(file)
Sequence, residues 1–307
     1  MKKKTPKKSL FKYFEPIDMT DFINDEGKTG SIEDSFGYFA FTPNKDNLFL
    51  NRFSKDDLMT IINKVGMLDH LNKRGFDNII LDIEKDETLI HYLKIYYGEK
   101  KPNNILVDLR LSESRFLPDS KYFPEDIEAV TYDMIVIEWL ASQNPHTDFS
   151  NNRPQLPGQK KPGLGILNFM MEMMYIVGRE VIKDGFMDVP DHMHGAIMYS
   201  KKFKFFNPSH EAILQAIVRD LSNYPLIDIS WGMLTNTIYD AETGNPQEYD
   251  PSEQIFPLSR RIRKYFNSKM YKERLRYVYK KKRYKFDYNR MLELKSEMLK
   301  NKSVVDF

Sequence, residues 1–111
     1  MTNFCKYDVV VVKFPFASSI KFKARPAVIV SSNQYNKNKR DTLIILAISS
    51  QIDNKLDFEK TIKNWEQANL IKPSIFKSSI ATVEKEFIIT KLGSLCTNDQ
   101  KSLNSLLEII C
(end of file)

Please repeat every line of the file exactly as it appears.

Sequence, residues 1–307
     1  MKKKTPKKSL FKYFEPIDMT DFINDEGKTG SIEDSFGYFA FTPNKDNLFL
    51  NRFSKDDLMT IINKVGMLDH LNKRGFDNII LDIEKDETLI HYLKIYYGEK
   101  KPNNILVDLR LSESRFLPDS KYFPEDIEAV TYDMIVIEWL ASQNPHTDFS
   151  NNRPQLPGQK KPGLGILNFM MEMMYIVGRE VIKDGFMDVP DHMHGAIMYS
   201  KKFKFFNPSH EAILQAIVRD LSNYPLIDIS WGMLTNTIYD AETGNPQEYD
   251  PSEQIFPLSR RIRKYFNSKM YKERLRYVYK KKRYKFDYNR MLELKSEMLK
   301  NKSVVDF

Sequence, residues 1–111
     1  MTNFCKYDVV VVKFPFASSI KFKARPAVIV SSNQYNKNKR DTLIILAISS
    51  QIDNKLDFEK TIKNWEQANL IKPSIFKSSI ATVEKEFIIT KLGSLCTNDQ
   101  KSLNSLLEII C